Years ago, during the heyday of time-management workshops and personal planning binders, I was recruited by Day-Timer to teach and speak. During workshops, people would often approach me and proudly show me how they had their planning binders set up to help them live more productively. Many would ask if I would show them my planner. I have to admit, that back then, working with my planner was actually a hobby. I had sections set up for all my major interests—astronomical facts, mathematical and scientific formulas, favorite poems the quotes, etc. I had a section that contained my life vision, mission statement, and personal values. My planner also contained my personal journal.
One day, I decided to list the names of people who had influenced my life for good in my journal. As my list grew, I realized how many people had contributed to the quality of my life. (I later decided to write personal notes to those who were still alive and thank them for their contributions to my life.)
Months later, I revisited that list and sat in contemplation. I started to realize that there were countless other people—not on my list—who had contributed to my life and shaped the person I had become. My thoughts drifted to elementary school.
I thought of the cooks who prepared school lunch. I remembered walking to school and smelling lunch being prepared. When the scents of my favorite dishes wafted by, it added anticipation and joy to my days.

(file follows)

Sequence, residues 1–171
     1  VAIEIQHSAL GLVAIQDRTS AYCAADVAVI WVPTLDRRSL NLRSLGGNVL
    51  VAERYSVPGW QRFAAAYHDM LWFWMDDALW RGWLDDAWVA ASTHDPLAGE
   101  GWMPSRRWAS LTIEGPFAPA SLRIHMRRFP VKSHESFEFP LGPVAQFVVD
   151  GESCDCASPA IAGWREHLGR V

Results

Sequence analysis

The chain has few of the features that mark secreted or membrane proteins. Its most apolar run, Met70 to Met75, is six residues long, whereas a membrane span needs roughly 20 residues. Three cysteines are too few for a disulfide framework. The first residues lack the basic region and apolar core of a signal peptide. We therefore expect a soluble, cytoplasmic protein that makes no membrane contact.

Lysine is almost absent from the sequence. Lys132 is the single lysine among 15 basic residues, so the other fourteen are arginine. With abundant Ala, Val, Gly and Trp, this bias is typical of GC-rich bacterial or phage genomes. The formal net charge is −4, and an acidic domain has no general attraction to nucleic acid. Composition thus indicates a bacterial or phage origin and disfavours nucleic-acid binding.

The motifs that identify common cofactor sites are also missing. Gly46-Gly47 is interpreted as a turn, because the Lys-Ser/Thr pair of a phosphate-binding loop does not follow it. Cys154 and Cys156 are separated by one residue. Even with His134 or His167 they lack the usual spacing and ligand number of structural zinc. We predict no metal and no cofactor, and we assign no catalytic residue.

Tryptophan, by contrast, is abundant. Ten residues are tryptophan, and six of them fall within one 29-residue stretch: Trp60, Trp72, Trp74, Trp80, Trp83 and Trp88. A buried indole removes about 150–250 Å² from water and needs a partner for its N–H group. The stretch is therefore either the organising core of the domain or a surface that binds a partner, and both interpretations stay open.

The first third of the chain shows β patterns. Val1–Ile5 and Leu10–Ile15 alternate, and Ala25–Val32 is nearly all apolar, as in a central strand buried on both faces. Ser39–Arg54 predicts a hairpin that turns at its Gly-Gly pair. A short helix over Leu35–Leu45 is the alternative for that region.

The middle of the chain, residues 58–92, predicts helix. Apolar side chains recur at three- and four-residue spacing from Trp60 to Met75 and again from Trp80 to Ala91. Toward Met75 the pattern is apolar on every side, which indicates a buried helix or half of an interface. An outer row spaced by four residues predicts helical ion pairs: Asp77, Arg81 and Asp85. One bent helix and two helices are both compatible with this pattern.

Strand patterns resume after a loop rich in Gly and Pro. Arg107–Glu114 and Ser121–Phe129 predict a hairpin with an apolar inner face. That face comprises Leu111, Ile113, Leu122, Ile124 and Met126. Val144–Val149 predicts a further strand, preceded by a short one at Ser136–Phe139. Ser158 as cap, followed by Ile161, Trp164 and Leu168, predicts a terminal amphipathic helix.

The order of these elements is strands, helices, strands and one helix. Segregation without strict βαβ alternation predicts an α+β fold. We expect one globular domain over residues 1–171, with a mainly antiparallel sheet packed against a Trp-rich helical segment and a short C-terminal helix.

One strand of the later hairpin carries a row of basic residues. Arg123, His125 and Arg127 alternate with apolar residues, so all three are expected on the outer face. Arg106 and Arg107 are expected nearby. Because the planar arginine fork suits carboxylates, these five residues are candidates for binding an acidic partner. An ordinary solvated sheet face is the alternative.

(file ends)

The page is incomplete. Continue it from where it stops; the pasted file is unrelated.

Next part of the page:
I thought of the school crossing guard—a big, friendly man who made sure we all got across a major street safely. (In 4th grade I learned that he was a WWII veteran who still carried shrapnel in his body. My respect for “Mr. Day” increased.)
I thought of my early trips to the school library which was filled with hundreds of colorful books on numerous subjects just waiting to be explored. I realized that authors had dedicated portions of their lives to research and write each of those books, and I was a beneficiary of their work! The wonderful smell of that library still lingers in my memory.
I remember the older students teaching me how to play the bass when I was chosen to be in the school orchestra.
I thought of the teachers who offered summer programs on art and science that I always signed up for.
As I continued to consider the contributions others had made to my life, the memories multiplied until I couldn’t keep track of them.
I thought to myself, “Where would I be today and what would I have become without the countless contributions—large and small, noticed and not—of those countless people who had crossed my life path?”
Since that quiet time with my journal all those years ago, I have tried to be more aware of how intricately the “thread” of my life is woven into the overall tapestry of the human story. I often feel a deep sense of gratitude for the countless contributions others have made to my life—and I silently hope that my contributions have made a difference in the lives of my fellow beings.